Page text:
On 12 May 2022, Public Health Scotland (PHS) issued an update on the active investigation into cases of sudden onset hepatitis (liver inflammation) in children aged ten years and under, with 26 identified cases reported in Scotland since onset in January 2022. The total number of cases identified in the UK, as of 10 May 2022, was 176, with no reported fatalities to date. Also on 10 May 2022, the European Centre for Disease Prevention and Control (ECDC) reported between 102 and 106 cases in the EU and EEA, and at least a further 181 cases worldwide, outside the UK, EU and EEA.
Jaundice and vomiting are the most common symptoms experienced by the children affected. If a child shows signs of jaundice, where there is a yellow tinge in the whites of the eyes or on the skin, then parents should contact their GP or other healthcare professional. Other symptoms can include dark urine, pale grey coloured poo, itchy skin, muscle and joint pains, tiredness, feeling sick, a high temperature, loss of appetite and stomach pain.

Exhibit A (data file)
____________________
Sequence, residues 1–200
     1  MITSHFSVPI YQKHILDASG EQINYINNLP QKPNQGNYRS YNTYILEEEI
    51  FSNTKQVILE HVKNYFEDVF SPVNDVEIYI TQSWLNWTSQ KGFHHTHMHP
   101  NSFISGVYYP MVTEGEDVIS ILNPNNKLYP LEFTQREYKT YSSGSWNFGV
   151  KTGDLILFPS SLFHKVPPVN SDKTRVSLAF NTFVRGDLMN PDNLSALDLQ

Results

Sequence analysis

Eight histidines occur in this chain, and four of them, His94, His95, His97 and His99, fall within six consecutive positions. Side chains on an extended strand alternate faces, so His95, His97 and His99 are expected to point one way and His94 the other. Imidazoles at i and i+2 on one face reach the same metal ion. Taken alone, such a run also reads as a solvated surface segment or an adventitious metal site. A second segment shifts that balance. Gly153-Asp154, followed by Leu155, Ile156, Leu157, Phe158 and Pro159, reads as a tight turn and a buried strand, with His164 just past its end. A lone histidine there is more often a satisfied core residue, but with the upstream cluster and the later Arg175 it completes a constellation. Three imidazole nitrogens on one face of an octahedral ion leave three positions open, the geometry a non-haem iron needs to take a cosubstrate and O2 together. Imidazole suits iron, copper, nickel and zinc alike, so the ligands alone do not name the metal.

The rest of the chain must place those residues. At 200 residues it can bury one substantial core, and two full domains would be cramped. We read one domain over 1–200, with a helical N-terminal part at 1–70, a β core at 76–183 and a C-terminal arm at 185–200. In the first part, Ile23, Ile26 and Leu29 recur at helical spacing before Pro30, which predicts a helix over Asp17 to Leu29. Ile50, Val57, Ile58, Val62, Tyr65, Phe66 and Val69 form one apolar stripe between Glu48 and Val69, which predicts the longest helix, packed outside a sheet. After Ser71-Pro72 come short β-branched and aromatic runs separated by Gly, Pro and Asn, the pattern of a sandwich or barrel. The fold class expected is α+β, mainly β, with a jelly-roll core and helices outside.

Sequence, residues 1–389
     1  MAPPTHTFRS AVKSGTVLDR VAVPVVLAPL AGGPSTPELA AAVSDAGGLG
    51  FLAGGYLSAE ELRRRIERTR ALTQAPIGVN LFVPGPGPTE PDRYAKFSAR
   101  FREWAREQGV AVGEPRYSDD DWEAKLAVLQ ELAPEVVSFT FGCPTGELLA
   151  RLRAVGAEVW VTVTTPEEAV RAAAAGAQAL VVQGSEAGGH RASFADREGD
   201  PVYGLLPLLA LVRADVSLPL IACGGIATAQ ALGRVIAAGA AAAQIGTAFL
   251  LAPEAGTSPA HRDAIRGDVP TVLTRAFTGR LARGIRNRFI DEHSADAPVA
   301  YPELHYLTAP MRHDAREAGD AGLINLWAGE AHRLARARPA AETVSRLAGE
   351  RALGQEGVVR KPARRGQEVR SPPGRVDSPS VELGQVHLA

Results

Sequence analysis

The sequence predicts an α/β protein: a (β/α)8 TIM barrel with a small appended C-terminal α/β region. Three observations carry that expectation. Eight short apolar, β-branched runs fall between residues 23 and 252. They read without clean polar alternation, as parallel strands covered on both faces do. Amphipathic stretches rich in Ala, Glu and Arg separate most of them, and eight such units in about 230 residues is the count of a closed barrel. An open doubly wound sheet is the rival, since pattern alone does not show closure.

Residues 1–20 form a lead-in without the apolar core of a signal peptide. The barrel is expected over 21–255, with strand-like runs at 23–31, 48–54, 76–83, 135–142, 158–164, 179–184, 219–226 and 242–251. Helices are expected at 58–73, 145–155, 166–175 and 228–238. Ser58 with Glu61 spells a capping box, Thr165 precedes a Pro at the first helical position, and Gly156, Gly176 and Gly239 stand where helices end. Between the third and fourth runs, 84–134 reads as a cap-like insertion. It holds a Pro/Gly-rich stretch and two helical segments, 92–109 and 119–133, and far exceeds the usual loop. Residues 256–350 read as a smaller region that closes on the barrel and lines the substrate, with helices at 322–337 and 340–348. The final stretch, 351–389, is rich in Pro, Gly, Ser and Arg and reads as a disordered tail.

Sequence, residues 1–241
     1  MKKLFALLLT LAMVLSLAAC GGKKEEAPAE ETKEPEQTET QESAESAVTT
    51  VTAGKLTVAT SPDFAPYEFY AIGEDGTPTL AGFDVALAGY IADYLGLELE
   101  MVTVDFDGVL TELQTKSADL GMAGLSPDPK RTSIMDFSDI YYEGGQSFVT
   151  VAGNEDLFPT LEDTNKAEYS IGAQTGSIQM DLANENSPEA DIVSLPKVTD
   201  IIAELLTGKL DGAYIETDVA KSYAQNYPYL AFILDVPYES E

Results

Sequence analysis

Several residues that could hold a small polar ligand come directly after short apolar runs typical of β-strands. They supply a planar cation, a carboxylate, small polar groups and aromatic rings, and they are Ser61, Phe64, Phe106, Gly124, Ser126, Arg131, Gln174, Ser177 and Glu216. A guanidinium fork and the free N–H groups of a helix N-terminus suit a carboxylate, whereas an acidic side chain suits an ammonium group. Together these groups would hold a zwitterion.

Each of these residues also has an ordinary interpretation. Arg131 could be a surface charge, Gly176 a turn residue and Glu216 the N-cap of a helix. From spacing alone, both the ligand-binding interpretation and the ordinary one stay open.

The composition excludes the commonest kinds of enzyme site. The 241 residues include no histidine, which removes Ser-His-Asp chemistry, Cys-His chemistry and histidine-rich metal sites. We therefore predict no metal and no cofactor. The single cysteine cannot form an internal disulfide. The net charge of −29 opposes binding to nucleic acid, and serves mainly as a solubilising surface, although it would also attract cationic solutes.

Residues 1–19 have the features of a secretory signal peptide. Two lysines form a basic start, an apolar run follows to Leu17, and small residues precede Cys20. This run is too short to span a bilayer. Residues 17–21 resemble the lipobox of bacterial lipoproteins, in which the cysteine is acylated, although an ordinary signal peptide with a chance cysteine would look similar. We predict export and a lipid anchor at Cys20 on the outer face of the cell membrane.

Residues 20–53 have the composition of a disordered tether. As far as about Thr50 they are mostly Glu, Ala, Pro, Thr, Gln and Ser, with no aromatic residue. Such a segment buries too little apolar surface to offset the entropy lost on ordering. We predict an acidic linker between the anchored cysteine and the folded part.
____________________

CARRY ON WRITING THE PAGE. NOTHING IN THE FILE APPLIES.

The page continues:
The usual viruses that cause infectious hepatitis, hepatitis A to E, have not been detected, while there is no evidence of any link to the COVID-19 vaccine. The majority of cases are in children under five years old, who are too young to have received the vaccine.
As the latest UKHSA Technical Briefing suggests, one of the leading potential causes of the severe disease is adenovirus, which are commonly passed from person to person and by touching contaminated surfaces, as well as through the respiratory system.
PHS advise that the current risk to children of severe hepatitis remains low. Furthermore, parents and caregivers are encouraged to ensure children practice good hand and respiratory hygiene, in order to help reduce the spread of common infections.
Source: PHS, 12 May 2022